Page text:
medical aid was powerless to save him.
The remains will be taken to Scappoose
lor Dunai.
C C Newcastle, dentist. Mohawk bids.
woo step, is always pleased to see you.
All the delicacies of the season at the
Portland .Restaurant, pne, private apart-
-ments tor parties. 3i wasn.. near 6th.
It is no longer necessary to- take blue
pills to rouse the liver to action. Car
ters iJtue uver ifiiis are much, better.
.Don't lorget tnis.
"I. Mr. am a self-made man." "Ah. that'
where you ahow your streneth of character."
"Year' "Yes. a fellow with lets nerve would
fcl&me it on Provttoce." Philadelphia Ptmb.
"The Heart ef Cklcaco."
Robert Sare - Clyde Besi
Bradley John Whitely
ilcFaddea Charles Wells
Blokey "W alter Fredericia
Swipes Johnny PhlUlber
Sam James McCarthy
James ,Jamea ilcCartcy
McFarlaad Walter Fredericks
Johnson . ... ...Charles Mack
Nelson ........... .Charles Mason
Miss Afton Kathryn Maraey
Ma?gle .. Blanche Borer
Moll ..Bmlllo Leasing
Eugenie Emilie Leasing
John Araes .John T. Nlcholaon
What appears to be a genuine railway
locomotive steamed down to the footlights
In the fourth act of "The Heart of Chi
cago" at Cordray's last night and the gal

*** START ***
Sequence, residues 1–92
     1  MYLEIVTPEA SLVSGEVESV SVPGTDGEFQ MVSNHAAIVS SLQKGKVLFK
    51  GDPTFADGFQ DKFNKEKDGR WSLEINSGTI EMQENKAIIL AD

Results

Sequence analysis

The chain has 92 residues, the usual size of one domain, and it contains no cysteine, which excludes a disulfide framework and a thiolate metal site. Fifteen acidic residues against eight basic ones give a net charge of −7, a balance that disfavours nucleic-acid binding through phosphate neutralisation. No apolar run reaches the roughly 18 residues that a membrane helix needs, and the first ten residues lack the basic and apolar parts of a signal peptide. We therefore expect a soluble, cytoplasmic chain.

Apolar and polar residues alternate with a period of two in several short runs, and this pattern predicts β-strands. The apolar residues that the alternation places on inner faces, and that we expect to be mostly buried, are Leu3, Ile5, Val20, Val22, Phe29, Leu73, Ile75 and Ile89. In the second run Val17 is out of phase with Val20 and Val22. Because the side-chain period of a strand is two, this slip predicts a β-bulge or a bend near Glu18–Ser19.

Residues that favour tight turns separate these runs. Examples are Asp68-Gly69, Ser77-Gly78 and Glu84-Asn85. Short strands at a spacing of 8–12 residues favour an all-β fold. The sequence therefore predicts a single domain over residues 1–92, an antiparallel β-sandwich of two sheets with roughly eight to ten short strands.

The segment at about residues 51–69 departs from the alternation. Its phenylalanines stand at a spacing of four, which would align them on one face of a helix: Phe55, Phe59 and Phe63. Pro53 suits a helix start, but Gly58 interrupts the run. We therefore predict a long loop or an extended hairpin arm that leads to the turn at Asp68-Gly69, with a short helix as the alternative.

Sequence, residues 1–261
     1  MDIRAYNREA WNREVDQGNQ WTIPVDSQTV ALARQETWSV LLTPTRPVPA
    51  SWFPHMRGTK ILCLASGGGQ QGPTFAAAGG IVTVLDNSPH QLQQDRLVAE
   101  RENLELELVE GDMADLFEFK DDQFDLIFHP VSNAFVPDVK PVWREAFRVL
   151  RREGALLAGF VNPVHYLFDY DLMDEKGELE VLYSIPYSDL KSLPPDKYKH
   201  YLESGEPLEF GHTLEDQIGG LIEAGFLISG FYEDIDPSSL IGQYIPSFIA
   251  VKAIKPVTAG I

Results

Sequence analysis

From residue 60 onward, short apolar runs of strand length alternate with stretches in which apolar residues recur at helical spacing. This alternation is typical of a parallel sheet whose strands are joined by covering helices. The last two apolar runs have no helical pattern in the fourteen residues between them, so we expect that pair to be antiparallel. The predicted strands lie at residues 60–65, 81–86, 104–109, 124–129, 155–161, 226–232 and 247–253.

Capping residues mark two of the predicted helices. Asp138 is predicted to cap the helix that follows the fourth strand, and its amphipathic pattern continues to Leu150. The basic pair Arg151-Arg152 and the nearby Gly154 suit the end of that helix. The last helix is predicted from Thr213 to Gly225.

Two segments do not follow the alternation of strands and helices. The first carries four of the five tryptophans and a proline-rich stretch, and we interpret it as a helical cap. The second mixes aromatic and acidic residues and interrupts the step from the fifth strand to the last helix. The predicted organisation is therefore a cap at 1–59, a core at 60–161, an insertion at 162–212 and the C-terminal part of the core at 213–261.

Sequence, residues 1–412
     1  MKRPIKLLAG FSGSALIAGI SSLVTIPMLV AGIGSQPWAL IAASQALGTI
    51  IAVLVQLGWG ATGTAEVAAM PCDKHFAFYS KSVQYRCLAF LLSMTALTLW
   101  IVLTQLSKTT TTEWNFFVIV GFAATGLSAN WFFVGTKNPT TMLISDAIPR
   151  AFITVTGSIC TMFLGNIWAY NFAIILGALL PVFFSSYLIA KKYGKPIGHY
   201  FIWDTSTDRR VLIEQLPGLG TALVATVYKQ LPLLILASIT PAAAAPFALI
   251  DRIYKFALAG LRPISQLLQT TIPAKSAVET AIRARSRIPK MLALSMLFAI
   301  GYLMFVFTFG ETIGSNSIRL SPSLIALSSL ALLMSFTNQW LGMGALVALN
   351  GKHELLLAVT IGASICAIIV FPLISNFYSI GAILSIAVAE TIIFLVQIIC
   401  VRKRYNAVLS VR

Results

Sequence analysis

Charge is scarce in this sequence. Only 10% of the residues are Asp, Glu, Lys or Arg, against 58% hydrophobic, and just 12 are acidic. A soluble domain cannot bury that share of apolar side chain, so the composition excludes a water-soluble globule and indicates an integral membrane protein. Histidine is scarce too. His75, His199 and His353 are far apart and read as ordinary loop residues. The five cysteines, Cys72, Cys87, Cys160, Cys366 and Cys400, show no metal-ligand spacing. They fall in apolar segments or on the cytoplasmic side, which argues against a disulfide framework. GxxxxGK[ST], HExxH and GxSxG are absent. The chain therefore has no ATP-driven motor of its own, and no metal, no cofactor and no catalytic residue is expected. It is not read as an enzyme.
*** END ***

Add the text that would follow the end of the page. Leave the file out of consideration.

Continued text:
lery boys rose out tof tholr seats and
It was a busy moment. Clouds rose
from the smokestack and enveloped the
scene, the engine bell clanged and the
whistle rfhrieked. Three feet from the
point of cowcatcher yawned, yawned is
the word, an abyss, and on the cowcatcner
were the hero, engineer when not en
gaged in making love, and his sweetheart,
who had saved the special from plunging
through the drawbridge, which the villain
had opened. Mr. Lincoln J. Carter turned
himself loose on this situation, and its
the most hair-raising thing he has con
tributed to contemporaneous stage litera
ture. "The Heart of Chicago" Is a corking
good melodrama, of the kind which sug
gests bollershops, a general alarm and a
noonday Jam on State street. It's far too
noisy and energetic for the tastes of
Alton B. Parker, but Colonel Roosevelt
ought to write a testimonial for It. It
packed Cordray s last night and kept the
audience a-qulver from the minute Chi
cago burnt up until the villain blew his
brains out Just as the final curtain fell.
I couldn't suggest anything better for
those who like real, blood-raw melodrama
than "The Heart of Chicago."
A number of good specialties are Intro
duced, the mechanical effects arc the best
Lincoln Carter has yet devised, and he's
a wonder when it comes to devising. The
nnmnfin. la fib trnnA fJQ thfk TtlaV demSndS.
Altogether It's a corking good snow.
There will be performances or
Heart of Chicago" tonight, tomorrow
matinee and tonight. A. A. G.
Two Hundred and Fifty Soldiers Can
not Fipd Union Depot.
Two hundred and fifty soldiers of the
United States Army were" lost In Portland
for three hours yesterday afternoon, the
assistance of the police being necessary to
locate Jhem and direct them to the Union
Depot The men belonged to the Twenty-
first Infantry, en route from Fort Iteogn,